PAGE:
In Tehran, women proud of having dragged men into the streets

&In Tehran, women proud to have coached ; men in the street

MISE À DAY

While going down the streets of Tehran every evening to the cries of “Woman, life and freedom”, Iranian women feel that they have taken their lives in hand and are also proud to have trained men in their wake. 

Since September 16, many Iranian women have been demonstrating at night in major Iranian cities, including the capital, to protest the death of Mahsa Amini, three days after her arrest by the vice police.

This 22-year-old young woman was accused of having violated the dress code of the Islamic Republic, which notably obliges all women to wear the veil. 

“A woman who goes down the street and takes charge of her life is definitely a strong woman,” Farideh, 64, told AFP with a smile.

For her, no doubt, “women will get what they ask for”, including the right to wear the clothes they want, including the veil. It remains to know “when and how”. “I can't say for sure,” she concedes.

But for this painter, what already constitutes a success is the fact of having succeeded, in a patriarchal society, to convince men to join women in protests.

“Of course men and husbands support us because our problems are not different. Next to every woman there is a man in the street demonstrating. Our women are the sisters and mothers of our men,” she explains in the shopping district of Tajrich.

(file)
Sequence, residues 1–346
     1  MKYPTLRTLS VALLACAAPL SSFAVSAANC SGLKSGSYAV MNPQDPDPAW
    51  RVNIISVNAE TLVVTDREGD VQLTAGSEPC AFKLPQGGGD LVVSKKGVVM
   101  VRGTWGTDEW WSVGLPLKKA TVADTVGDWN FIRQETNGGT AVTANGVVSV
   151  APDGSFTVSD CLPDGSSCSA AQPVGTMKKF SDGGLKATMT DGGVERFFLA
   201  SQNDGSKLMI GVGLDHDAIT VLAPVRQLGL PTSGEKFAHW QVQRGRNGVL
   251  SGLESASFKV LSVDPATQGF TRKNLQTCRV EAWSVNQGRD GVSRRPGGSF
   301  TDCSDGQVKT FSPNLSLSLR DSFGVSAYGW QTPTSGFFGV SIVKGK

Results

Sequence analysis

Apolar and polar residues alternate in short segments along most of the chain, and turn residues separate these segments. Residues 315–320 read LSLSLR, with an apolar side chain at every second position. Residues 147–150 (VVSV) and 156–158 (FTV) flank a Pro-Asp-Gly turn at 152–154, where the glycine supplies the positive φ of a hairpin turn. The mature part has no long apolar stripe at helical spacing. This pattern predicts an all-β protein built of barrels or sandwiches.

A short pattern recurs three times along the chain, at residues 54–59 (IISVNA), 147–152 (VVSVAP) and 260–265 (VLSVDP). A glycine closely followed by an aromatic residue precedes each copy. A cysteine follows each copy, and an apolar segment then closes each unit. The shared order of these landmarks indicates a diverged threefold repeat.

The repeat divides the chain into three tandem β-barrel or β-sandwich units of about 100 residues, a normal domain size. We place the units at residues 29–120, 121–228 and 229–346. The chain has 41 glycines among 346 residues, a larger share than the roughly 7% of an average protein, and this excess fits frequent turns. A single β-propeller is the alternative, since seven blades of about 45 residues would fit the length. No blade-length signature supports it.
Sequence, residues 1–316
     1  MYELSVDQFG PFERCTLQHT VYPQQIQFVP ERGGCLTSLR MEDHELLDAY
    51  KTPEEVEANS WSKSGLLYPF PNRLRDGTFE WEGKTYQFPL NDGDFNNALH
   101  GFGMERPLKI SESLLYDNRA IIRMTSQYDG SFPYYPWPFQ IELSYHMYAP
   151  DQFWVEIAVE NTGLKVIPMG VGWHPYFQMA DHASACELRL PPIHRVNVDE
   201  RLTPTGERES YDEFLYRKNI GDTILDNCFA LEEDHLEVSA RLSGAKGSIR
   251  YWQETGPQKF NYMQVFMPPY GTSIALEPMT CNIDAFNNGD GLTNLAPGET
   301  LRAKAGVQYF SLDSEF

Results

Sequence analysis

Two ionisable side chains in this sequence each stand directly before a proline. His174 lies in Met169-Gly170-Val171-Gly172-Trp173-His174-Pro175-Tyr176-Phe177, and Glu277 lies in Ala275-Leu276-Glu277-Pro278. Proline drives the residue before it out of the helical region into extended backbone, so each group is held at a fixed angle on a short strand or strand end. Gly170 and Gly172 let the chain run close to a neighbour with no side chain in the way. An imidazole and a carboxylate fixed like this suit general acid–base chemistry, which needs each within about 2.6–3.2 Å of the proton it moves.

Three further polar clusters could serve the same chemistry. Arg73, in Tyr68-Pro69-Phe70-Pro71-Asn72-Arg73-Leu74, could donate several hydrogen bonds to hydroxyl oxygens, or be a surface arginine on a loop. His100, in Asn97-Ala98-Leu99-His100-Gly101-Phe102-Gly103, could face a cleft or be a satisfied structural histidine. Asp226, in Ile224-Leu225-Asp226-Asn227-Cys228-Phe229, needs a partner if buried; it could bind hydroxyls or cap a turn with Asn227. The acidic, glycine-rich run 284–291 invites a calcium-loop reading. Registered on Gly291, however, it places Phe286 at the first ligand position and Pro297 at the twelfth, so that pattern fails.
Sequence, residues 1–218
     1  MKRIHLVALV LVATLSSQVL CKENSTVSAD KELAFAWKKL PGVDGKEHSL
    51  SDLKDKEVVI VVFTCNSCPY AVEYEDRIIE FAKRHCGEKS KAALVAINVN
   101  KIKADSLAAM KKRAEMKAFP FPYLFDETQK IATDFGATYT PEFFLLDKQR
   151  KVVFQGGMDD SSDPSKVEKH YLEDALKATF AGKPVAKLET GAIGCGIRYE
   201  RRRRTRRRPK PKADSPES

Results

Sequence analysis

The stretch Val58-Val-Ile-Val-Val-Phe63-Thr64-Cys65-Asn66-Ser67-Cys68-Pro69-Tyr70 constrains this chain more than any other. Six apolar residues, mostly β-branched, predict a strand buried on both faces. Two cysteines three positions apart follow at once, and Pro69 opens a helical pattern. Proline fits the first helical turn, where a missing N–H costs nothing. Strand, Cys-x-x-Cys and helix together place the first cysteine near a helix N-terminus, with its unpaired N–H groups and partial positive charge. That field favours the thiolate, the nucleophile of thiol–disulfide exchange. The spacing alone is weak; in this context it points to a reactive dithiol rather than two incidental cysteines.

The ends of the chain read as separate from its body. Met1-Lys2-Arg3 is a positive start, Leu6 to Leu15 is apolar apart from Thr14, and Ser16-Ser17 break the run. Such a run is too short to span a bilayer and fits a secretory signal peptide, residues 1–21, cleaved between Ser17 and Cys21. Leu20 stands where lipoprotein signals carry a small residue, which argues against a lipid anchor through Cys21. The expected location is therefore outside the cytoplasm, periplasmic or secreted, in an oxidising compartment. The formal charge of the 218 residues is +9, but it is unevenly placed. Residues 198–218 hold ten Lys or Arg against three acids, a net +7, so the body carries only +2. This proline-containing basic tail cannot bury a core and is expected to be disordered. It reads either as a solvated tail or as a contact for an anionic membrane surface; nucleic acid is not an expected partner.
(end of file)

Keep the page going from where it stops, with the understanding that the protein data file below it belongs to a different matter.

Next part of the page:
In this area in the upscale north of the capital, several women walk bareheaded, a scarf resting on the shoulders.

“When the women are involved, the husbands are also involved naturally”, also assures Elahé, 66 years old.< /p>

For this housewife, “women should not be underestimated, they are strong”. “I think that eventually our voice will be heard,” she adds confidently.

Employed in the private sector, Pouya believes that the authorities should be attentive to the demands made during the demonstrations. “When you ignore people 'too long' at the slightest tension, issues come out and society can crack,” he says.

When asked if women's demands are justified, this 50 year old man hesitates however.

“I am a man who was born and raised in a third world country. I am not very open to women's demands,” he confides.

“But women (…) have demands that they intend to put forward. As long as they do not break the rules of traditional society, their demands should be met,” he said, not specifying whether he would accept women going outside without veils.